When Nik Penny was going to John Newbery Elementary in Wenatchee, he began doing something most boys didn’t do: he started crocheting. “I visited my grandmother in Louisiana, and saw her doing it,” he remembers. “I asked her to teach me.”
Several large, brown, heritage road signs can be found alongside both directions of Highway 97 and Highway 17, just north of Brewster, alerting drivers that they are approaching a heritage site. “Fort Okanagan Interpretive Center, Next Left” reads one sign; but in 2008, another sign was placed diagonally over the heritage signs, “CLOSED.” The gates into the center were locked permanently in 2008, when the state of Washington felt the impacts of the recession. Many state parks closed during these hard economic times.
The NCW Dahlia Society will present its annual Dahlia Show at Pybus Public Market this weekend. The free show is open to the public and runs noon to 5 p.m. Saturday and 9 a.m. to 1 p.m. Sunday, filling the Pybus concourse with hundreds of dahlia blooms from growers all over the Pacific Northwest and North Central Washington. American Dahlia Society judges will be on hand to judge the flowers. For more information, call show chairwoman Linda Holmes-Cook at 888-9510.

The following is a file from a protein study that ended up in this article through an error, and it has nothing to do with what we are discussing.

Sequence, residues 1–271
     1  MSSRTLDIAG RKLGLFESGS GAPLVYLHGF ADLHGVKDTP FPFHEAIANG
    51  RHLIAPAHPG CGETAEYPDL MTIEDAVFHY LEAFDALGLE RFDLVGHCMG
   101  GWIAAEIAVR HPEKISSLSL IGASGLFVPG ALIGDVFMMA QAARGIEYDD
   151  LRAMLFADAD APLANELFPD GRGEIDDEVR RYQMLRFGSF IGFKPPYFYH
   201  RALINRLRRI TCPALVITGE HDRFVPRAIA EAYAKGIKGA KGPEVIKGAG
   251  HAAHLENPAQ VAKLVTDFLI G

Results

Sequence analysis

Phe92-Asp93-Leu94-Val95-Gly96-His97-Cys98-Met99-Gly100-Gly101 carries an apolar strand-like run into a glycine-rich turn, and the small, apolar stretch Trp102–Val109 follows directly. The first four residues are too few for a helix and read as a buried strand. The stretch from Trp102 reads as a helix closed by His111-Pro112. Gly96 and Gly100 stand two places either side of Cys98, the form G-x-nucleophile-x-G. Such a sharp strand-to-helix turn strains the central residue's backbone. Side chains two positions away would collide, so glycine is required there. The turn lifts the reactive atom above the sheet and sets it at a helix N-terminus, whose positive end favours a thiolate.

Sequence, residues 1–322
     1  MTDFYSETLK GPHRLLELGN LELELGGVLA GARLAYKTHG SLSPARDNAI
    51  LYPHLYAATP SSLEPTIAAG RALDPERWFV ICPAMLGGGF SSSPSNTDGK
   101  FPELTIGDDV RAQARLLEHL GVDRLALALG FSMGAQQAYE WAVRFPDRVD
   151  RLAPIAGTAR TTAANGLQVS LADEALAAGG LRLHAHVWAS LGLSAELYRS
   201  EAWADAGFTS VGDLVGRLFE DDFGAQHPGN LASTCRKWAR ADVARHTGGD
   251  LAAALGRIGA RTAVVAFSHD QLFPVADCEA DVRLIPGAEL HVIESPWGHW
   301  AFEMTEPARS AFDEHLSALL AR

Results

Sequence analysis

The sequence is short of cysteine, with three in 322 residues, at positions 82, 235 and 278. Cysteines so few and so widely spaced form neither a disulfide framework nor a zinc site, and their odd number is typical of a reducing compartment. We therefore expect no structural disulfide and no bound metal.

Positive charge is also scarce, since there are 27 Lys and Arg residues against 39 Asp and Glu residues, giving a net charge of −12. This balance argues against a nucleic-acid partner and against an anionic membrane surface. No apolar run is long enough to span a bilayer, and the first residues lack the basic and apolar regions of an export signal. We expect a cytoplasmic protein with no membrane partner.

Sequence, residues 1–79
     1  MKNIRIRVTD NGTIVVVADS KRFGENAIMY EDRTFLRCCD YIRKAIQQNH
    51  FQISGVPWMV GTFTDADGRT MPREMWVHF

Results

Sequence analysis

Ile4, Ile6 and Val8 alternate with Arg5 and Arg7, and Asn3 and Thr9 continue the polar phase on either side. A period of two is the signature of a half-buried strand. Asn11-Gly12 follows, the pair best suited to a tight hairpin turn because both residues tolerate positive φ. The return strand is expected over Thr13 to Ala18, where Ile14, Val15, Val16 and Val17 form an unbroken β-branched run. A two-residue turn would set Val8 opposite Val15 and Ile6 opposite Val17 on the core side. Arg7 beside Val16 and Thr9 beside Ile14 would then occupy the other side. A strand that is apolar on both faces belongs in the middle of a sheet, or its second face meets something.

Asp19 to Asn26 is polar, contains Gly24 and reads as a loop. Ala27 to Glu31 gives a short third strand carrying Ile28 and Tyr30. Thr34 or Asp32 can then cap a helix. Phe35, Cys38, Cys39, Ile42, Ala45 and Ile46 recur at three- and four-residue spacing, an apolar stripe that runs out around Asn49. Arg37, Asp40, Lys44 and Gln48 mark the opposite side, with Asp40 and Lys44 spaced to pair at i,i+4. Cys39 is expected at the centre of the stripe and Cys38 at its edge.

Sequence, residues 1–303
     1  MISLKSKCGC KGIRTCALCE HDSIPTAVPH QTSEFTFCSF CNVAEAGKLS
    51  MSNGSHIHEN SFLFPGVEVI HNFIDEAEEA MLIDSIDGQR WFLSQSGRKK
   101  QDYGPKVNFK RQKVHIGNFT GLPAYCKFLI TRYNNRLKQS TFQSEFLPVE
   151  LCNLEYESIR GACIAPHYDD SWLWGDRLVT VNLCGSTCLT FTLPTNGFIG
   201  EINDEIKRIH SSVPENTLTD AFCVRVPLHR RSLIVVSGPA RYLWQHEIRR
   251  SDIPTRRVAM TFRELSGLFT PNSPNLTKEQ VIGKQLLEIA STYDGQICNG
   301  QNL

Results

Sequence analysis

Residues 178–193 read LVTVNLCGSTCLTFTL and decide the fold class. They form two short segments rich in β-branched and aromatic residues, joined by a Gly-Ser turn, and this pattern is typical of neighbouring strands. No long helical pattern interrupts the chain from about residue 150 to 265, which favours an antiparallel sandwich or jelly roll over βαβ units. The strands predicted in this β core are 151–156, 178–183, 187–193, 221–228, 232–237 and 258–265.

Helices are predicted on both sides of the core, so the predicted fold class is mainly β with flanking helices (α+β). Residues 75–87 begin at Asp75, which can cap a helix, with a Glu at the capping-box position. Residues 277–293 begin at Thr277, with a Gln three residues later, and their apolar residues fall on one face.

Forgetfulness can be a normal part of aging. As people get older, changes occur in all parts of the body, including the brain. As a result, you may notice that it takes longer to learn new things, you don’t remember information as well as you once did, or you can’t remember where you put things, like your glasses or your keys. For most people, these are signs of mild forgetfulness due to aging, not a serious memory problem.
“Please tell them that we care about those who lost their homes and we hope the money will be some help to them.” That statement from Misawa City International Relations Assistant Chief Noriaki Hori accompanied a donation of 1,146,263 yen ($9,422.16 at current exchange rates) raised by citizens of Wenatchee Valley’s sister city, Misawa, Japan.
For more than 25 years, Jan Lawr has been perfecting the art of quilting in her own style. On Sept. 11 and 12, the Wenatchee Valley will be treated to a viewing of Jan’s work at the NCW Quilt Guild’s Annual Harvest of Quilts at Town Toyota Center.
The artisan cheese movement in Washington state is only a bit more than 20 years old, with most producers making cheese from dairy farms in the western part of the state. But many were certainly inspired by Sally Jackson, who actually began making cheese in 1979 on her farmstead near Oroville.
“We were team ‘Toothless’, explains Monica Garcia, the mother of Angel Ibarra,11. “I was called ‘Mocha’ and Angel was ‘Blast’.” They had just spent a fun week in Oregon at the Oral Hull family retreat for the visually impaired.